THE UTILITY OF SELF-ACTUALIZATION AS A PREDICTOR OF PSYCHOLOGICAL ADJUSTMENT AND ITS RELATIONSHIP TO LIFE STRESS, PERCEIVED SOCIAL SUPPORT, AND WAYS OF COPING
The purpose of the present study was to examine further the personality construct of self-actualization by investigating its relationship to the environmental and cognitive-behavioral variables of stressful life events, perceived social support from family and from friends, and problem-focused coping with stress--relationships that have not been explored previously. Measures of each of these variables were administered to a sample of 106 adult undergraduate student volunteers (54 females and 52 males) at Fordham University's Lincoln Center campus. The relationship of each variable to psychological adjustment was also tested by administering the Beck Depression Inventory. Subjects completed the measures at home. Correlations obtained were consistent with the hypotheses that self-actualization would be related positively to both measures of perceived social support and inversely to depression and stressful life events. Perceived social support from family and friends was inversely related to depression, and stressful life events was related positively to depression. Contrary to what was predicted, problem-focused coping was not related significantly and positively to self-actualization or inversely to depression. Additionally, self-actualization, problem-focused coping, and perceived social support from family and from friends were each evaluated as "buffers" of the relationship between stressful life events and depression. The hierarchical multiple regression procedures yielded no significant results. The significant results of the present study supported an interactionist perspective on personality functioning: personality constructs, environmental variables, and cognitive-behavioral variables are interrelated and all appear to play significant roles in personality functioning and psychological adjustment. Significant sex differences in the relationship of self-actualization to perceived social support were also discovered. This finding was discussed in terms of its suggestion of possible sex differences in the developmental process of self-actualization.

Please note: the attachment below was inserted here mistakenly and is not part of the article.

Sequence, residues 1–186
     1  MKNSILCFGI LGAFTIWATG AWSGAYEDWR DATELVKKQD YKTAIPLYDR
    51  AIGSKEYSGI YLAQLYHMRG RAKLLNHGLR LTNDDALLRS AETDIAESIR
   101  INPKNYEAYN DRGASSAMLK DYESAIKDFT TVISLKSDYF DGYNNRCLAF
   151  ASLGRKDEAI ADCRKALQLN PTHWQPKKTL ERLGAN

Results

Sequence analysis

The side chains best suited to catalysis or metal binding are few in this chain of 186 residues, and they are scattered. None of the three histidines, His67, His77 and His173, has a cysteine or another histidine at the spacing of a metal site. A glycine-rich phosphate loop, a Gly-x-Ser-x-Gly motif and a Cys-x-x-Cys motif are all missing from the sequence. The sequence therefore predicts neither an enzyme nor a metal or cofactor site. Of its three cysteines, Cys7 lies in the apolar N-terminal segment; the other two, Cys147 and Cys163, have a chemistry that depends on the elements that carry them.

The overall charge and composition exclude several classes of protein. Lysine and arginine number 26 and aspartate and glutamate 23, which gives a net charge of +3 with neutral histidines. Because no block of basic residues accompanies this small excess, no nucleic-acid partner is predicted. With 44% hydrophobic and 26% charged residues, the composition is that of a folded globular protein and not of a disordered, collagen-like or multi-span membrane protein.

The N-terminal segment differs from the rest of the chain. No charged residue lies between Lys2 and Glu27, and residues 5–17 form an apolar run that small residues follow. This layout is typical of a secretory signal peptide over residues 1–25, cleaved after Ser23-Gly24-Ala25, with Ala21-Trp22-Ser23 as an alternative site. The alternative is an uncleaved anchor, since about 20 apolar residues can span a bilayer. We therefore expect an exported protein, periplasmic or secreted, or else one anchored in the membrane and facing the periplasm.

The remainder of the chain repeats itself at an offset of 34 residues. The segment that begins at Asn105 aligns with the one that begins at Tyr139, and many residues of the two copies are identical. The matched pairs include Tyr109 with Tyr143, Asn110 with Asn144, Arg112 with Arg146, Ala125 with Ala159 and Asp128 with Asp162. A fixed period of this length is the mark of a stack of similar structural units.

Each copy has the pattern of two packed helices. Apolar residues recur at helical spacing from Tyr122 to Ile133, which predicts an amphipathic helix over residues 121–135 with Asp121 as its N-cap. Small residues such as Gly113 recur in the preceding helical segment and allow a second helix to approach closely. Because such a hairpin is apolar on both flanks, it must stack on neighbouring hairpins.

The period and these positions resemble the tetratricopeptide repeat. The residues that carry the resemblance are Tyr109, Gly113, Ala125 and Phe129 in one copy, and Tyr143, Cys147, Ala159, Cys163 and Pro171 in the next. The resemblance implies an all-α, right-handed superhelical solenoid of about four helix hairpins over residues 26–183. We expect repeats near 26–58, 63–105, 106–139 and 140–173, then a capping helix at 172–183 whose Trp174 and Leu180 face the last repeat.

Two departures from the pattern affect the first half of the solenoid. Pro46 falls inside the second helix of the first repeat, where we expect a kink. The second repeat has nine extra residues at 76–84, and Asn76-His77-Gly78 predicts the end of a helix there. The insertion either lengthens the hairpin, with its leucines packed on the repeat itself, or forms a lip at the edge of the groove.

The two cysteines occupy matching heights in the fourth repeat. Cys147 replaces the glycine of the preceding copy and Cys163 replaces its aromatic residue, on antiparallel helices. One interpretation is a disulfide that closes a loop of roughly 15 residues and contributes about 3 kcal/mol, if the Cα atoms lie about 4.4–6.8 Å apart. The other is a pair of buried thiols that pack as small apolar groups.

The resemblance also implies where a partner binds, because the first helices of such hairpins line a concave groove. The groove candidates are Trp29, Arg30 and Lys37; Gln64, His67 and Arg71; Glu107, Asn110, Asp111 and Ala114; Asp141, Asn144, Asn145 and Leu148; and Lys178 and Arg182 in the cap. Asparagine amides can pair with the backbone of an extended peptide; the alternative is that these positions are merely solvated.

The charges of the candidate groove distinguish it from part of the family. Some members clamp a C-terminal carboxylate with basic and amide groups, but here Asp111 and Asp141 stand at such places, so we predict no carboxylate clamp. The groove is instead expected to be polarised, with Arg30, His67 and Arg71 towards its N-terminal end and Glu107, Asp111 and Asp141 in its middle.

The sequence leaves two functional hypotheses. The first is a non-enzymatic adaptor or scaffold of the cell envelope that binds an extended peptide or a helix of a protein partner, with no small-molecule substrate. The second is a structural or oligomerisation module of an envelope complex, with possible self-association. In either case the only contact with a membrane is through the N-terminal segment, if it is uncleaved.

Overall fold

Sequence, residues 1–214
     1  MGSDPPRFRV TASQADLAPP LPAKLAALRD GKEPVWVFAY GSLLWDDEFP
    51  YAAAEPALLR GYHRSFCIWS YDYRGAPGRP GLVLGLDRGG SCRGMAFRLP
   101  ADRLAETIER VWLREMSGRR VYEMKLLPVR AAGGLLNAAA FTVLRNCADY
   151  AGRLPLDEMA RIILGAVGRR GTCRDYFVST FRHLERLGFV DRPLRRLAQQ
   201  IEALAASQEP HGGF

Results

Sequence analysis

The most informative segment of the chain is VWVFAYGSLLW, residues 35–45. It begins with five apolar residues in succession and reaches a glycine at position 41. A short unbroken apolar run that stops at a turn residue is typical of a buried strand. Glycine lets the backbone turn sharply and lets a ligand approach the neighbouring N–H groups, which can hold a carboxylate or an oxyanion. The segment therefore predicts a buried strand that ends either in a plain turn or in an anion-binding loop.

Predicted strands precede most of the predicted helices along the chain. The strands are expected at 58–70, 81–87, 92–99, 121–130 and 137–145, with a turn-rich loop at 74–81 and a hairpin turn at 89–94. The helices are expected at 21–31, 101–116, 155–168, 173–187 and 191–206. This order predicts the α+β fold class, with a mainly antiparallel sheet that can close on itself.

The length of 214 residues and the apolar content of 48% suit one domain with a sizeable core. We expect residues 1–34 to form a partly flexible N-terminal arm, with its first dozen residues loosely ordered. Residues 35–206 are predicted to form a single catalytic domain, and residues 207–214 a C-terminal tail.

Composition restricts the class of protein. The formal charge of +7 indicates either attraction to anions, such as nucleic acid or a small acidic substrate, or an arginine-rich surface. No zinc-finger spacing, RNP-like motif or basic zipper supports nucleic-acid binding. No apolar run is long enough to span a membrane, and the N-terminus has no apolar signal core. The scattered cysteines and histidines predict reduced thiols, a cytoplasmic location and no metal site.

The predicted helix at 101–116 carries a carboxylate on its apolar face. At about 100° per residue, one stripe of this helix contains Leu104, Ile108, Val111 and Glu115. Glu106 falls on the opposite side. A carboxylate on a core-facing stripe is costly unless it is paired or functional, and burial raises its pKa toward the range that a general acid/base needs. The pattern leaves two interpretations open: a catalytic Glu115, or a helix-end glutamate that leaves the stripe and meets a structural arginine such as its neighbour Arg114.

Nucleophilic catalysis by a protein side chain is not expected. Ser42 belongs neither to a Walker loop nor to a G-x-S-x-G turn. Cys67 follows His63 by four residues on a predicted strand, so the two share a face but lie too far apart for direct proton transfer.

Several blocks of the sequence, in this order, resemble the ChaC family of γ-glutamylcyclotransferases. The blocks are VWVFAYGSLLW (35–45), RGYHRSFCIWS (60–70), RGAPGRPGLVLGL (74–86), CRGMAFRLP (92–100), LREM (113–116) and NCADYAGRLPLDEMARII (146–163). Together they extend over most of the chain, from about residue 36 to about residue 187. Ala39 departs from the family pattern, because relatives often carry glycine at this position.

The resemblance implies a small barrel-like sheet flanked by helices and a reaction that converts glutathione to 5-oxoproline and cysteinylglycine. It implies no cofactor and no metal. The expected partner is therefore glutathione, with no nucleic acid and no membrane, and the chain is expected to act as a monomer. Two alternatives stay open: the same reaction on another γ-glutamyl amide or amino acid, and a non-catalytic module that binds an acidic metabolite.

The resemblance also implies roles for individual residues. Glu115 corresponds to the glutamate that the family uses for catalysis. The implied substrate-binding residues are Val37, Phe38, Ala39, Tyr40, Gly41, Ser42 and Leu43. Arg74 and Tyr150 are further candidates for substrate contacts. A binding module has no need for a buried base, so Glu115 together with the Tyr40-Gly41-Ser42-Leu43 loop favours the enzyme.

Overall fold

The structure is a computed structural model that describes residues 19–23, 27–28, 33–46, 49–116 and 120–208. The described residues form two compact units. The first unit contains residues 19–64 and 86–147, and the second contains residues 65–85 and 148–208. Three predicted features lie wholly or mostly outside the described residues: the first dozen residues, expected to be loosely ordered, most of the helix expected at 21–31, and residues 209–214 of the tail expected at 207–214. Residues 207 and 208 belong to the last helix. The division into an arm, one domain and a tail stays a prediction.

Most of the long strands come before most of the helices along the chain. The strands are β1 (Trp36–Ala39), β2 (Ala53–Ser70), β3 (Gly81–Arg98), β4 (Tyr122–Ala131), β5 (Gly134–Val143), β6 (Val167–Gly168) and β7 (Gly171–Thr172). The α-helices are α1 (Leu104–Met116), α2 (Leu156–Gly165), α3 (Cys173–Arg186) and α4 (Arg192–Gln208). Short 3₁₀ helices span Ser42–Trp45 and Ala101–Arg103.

FORD, GARY GEORGE, "THE UTILITY OF SELF-ACTUALIZATION AS A PREDICTOR OF PSYCHOLOGICAL ADJUSTMENT AND ITS RELATIONSHIP TO LIFE STRESS, PERCEIVED SOCIAL SUPPORT, AND WAYS OF COPING" (1986). ETD Collection for Fordham University. AAI8628542.